VIII. The Continuing Japanese Invasion and "Robotechnology"
American fans of Japanese robots were in hog heaven during the mid-1980s, and it seemed like every toy store shelf was full of imported transforming goodness. In 1985, Hasbro released the second (and some might say the greatest) wave of generation one Transformers to the public.
In addition to the other new robots that came from sources other than Takara, the 1985 Transformers release included Shockwave, whose Japanese origin was as a toy called "Astro Magnum" released by the lesser-known company ToyCo. Although Shockwave's hand-held laser gun alt form fit in well with the MicroChange theme, the large size of the toy, along with the increased articulation and non-humanoid head made it resemble the Takatoku-based Transformers a little more closely. A non-Transformers version of Astro Magnum made in China was also sold at Radio Shack at the time, indicative of the market saturation of transforming robots that was taking place.
Original Japanese Astro Magnum (AKA Shockwave)
^ 1985 TF commercial featuring Shockwave and the only animated version of Jetfire that resembled the Macross Valkyrie toy it was based on.
Indeed, outside the Transformers brand, there were plenty of other Japanese robot toys to be had. Tonka, perhaps feeling the need to compete with the larger and more detailed Transformers toys, continued to beef up its Super GoBots
line to include bigger versions of the Machine Robo/GoBot characters.
Bandai, who by this time had absorbed its subdivision company Popy, continued to license the Machine Robo line to Tonka, but also had distributed some of its other robot toys directly to the US market as Bandai America since 1983. The "Godaikin" toy line from Bandai America was much like the Shogun Warriors brand from the 1970s, in that it was basically a random gathering of Japanese robot toys repackaged in English for the US market. The Godaikin series was mostly made up of larger diecast metal combiner robots from various anime and "Super Sentai" live action series. The toys were very high quality and were unchanged from their Japanese releases (complete with those lethal firing plastic missiles). However, the high prices of the Godaikin toys coupled with the fact that most Amercian consumers were not familiar with the TV programs the robots came from resulted in sluggish sales. Hasbro's Transformers stole away much of the Godaikin target consumers and by the mid-to-late 1980s, Godaikins were being marked down in the bargain bins of stores like Lionel Playworld (a great bargain for robot collectors).
Godaikin toy robot series catalog
On the subject of combiner robots, Matchbox toys had distributed the Bandai diecast robots from Golion
, Dairugger XV
, and the unaired-in-America anime Albagas
as part of their Voltron
series of toys. Unlike the earlier Godaikin release of the Golion combiner, the Matchbox release
removed all the missile launchers and sharp weapons.
Matchbox "Voltron" toys
Matchbox also went on to release a toy and action figure line based on the American Robotech
TV series. Matchbox used some existing Bandai toy molds from the Macross
anime series that comprised part of Robotech
, including a transforming SDF-1, small Destroid robots and a series of "super-deformed" transforming Valkyries. Matchbox also created its own series of action figure-based, mostly non-transforming plastic Robotech toys that were of a much lower quality.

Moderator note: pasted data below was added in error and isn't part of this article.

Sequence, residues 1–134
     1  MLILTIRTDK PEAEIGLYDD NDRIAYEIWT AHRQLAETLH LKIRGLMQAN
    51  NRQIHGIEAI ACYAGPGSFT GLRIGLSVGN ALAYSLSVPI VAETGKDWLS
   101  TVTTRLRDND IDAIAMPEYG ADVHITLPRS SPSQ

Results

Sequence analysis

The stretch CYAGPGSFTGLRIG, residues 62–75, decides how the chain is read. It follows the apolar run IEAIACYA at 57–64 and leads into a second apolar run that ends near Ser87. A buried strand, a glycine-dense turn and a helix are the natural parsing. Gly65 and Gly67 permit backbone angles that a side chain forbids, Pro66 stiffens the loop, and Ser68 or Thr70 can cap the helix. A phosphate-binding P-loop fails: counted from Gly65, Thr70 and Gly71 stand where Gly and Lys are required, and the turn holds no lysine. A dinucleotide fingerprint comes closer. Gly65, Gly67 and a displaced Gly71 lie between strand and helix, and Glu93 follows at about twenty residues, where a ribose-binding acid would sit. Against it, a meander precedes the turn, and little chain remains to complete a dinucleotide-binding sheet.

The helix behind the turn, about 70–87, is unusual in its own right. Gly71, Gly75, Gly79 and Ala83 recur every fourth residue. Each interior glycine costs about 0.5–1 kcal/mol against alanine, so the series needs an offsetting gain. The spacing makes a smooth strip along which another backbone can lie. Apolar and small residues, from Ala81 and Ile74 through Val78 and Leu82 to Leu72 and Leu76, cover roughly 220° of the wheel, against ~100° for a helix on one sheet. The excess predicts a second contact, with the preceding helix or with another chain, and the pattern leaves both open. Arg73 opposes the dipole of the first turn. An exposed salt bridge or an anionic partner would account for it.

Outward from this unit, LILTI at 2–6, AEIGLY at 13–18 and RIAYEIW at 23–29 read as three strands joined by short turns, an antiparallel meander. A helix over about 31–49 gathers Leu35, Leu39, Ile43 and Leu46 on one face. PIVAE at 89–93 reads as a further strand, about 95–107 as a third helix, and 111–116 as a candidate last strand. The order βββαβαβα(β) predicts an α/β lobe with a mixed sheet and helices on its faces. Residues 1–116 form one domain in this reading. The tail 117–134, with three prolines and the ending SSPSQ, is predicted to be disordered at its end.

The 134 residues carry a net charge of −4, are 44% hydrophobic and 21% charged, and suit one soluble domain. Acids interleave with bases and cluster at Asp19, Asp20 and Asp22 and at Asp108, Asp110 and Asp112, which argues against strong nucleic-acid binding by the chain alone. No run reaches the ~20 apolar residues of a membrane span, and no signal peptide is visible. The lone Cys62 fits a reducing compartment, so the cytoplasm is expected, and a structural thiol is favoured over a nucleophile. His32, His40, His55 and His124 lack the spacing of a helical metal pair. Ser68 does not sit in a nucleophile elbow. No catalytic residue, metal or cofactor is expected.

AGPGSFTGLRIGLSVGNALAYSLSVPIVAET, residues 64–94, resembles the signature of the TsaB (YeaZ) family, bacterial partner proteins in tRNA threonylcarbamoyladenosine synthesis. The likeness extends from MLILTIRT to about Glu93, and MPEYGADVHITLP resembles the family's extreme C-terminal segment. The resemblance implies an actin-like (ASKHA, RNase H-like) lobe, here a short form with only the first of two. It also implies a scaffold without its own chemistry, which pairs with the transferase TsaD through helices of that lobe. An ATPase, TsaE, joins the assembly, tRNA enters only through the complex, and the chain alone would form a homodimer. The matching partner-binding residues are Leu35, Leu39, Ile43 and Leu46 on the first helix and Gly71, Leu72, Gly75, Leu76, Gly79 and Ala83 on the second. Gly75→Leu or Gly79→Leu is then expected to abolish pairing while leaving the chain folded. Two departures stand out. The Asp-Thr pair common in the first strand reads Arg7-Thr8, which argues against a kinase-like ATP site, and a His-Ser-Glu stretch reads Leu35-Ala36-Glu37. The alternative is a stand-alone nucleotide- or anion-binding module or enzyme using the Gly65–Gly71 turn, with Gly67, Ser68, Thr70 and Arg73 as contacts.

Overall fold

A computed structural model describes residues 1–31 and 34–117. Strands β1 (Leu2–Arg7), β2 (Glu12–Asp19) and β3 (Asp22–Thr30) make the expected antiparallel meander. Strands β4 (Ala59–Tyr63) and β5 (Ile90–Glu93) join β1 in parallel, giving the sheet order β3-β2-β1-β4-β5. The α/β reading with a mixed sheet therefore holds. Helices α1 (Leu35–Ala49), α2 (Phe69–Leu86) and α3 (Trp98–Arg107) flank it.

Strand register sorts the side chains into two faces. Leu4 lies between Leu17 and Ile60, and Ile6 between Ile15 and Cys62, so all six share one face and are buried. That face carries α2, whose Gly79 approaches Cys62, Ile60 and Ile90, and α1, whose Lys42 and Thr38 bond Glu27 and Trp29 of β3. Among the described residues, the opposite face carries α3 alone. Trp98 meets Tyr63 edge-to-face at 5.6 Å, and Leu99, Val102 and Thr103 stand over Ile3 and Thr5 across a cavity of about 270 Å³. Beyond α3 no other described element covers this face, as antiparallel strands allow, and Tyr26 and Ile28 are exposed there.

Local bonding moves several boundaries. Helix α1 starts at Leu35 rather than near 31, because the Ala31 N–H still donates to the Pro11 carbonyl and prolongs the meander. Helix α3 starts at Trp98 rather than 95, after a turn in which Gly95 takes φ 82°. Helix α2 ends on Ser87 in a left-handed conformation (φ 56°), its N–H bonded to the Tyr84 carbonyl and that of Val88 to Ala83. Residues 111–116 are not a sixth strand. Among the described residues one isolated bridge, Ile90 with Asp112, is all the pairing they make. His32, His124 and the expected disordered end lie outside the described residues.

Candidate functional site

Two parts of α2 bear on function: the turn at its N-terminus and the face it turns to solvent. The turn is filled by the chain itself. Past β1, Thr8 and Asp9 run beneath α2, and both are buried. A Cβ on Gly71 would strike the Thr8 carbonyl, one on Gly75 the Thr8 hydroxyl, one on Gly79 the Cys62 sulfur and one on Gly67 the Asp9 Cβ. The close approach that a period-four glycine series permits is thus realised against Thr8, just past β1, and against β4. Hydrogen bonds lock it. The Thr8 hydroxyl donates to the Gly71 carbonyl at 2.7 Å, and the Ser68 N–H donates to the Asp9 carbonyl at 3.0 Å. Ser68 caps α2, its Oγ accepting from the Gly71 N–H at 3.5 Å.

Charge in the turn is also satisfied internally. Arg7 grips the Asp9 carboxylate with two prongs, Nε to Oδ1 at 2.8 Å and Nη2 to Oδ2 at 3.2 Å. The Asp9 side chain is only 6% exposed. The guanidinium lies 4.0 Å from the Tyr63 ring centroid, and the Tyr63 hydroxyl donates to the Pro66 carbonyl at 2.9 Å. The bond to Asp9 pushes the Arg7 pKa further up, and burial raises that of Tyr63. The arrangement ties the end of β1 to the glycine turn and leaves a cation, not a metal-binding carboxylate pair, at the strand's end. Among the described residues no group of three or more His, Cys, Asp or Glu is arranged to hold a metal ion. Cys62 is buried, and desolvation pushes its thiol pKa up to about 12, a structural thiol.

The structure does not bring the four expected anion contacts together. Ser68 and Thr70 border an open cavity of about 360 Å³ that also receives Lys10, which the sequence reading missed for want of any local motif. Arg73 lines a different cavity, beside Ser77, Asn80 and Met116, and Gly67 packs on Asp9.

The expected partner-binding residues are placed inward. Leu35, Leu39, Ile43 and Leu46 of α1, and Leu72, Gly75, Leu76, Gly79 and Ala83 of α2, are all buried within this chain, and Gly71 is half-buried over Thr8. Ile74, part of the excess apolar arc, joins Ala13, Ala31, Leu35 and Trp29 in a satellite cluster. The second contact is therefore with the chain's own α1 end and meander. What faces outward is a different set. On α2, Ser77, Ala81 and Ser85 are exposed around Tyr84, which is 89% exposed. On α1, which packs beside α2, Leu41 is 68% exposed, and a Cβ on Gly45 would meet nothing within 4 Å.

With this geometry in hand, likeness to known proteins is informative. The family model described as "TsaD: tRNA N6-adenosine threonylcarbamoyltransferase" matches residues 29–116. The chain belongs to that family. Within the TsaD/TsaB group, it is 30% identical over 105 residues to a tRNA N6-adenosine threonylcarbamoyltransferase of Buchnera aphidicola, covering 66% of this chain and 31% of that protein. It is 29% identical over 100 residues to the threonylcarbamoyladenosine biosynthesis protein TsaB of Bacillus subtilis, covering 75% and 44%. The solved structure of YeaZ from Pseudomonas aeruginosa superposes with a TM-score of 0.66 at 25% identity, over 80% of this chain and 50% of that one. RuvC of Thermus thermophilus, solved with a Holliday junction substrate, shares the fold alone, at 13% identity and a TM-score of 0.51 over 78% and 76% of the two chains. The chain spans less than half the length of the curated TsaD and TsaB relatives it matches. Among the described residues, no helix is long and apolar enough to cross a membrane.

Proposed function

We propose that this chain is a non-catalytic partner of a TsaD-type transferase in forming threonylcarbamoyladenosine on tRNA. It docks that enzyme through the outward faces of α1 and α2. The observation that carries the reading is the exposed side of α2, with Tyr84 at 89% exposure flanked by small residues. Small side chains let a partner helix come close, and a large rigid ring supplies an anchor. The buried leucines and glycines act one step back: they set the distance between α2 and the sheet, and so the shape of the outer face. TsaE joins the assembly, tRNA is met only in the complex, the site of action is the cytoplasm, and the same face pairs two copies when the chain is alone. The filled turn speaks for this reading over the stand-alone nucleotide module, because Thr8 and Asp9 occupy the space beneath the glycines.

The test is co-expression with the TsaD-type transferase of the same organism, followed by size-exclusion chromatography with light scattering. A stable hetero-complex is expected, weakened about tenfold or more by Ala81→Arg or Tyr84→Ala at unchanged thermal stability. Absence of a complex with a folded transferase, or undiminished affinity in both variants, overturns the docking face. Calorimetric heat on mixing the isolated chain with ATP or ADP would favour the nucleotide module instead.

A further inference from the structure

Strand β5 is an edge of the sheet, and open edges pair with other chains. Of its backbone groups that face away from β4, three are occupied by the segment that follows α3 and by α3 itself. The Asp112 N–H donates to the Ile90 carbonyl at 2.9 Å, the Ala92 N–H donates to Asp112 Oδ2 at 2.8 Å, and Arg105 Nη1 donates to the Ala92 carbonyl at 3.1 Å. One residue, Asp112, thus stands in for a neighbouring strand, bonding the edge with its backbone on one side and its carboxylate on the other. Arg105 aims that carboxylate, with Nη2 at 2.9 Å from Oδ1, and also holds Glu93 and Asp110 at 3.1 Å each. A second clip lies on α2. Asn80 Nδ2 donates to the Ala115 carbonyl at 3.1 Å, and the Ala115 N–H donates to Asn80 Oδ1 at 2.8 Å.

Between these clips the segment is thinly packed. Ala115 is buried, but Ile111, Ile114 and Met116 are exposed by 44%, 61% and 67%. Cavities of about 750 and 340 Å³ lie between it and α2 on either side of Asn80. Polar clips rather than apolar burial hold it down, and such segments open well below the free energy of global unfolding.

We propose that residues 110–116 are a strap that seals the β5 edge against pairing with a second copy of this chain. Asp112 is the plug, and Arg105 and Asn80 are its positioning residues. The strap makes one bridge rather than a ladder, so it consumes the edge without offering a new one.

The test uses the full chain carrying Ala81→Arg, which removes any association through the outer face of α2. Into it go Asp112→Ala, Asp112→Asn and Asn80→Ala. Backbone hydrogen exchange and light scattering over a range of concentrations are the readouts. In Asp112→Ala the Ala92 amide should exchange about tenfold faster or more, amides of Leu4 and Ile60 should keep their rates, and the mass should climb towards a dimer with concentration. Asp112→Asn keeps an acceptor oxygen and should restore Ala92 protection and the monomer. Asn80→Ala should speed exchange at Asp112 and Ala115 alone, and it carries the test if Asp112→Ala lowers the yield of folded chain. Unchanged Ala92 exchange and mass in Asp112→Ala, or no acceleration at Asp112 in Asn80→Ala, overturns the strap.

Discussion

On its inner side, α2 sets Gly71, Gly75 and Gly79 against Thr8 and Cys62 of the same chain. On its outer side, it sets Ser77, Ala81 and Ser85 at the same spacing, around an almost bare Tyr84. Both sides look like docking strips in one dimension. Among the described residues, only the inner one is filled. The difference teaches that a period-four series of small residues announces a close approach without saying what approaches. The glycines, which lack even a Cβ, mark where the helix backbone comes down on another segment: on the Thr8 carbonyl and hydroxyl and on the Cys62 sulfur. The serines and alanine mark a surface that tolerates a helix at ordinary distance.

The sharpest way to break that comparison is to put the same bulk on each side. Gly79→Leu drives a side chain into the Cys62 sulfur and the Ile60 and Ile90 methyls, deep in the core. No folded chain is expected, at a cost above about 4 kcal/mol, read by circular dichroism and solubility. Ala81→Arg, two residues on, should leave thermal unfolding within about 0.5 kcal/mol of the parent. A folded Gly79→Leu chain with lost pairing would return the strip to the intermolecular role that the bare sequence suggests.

Two Bandai Macross toys recycled by Matchbox for "Robotech"
Distribution of the Robotech
brand and mecha designs outside of Japan had always been a bit confusing. The "Robotech" brand name was originally used by Revell models in 1983 as a general title for a variety of Japanese plastic model kits Revell took from different series and put together under one product line. Most of the kits in Revell's "Robotech Defenders" series
were from the anime series Dougram
, although there were a couple from other series like Orguss
as well. After a brief DC Comics mini-series based on the Robotech Defenders model kits failed miserably, the brand name "Robotech" was bought by US animation company Harmony Gold for its English-language animated series that would combine Macross
, Southern Cross
^ US opening for Robotech
(1985), incorporating three different Japanese anime series
Meanwhile, many of the "Robotech" model kit designs taken from Dougram
were incorporated into the popular BattleTech
mecha table-top wargame published by FASA. So during the mid-1980s, the Robotech brand and its Japanese robots were seen in several different formats and storylines. Eventually, FASA would have to change all of the anime-based robot designs in the BattleTech
game for legal reasons.
game showing a Macross
"Destroid Tomahawk" robot in the box cover
To add even more confusion to the Robotech toy situation, the toy company Excite distributed some of the transforming toys made by Japanese company Gakken from the Mospeada
anime series (AKA 3rd Generation Robotech
) in the US under the Robotech label as well. The Excite releases of the Gakken toys removed the missile firing springs, but other than that the toys were a direct import. In addition to the Gakken transforming "Alpha" fighter jet from Mospeada/Robotech, there was also a deluxe transforming "Ride Armor" motorcycle that converted into battle armor. This amazing item was one of the most complicated transforming toys of the 1980s, and is still a desired collectible to this day.
Robotech/Mospeada transforming ride armor by Gakken
Next: Gundam and the 1986 Transformers Movie bring changes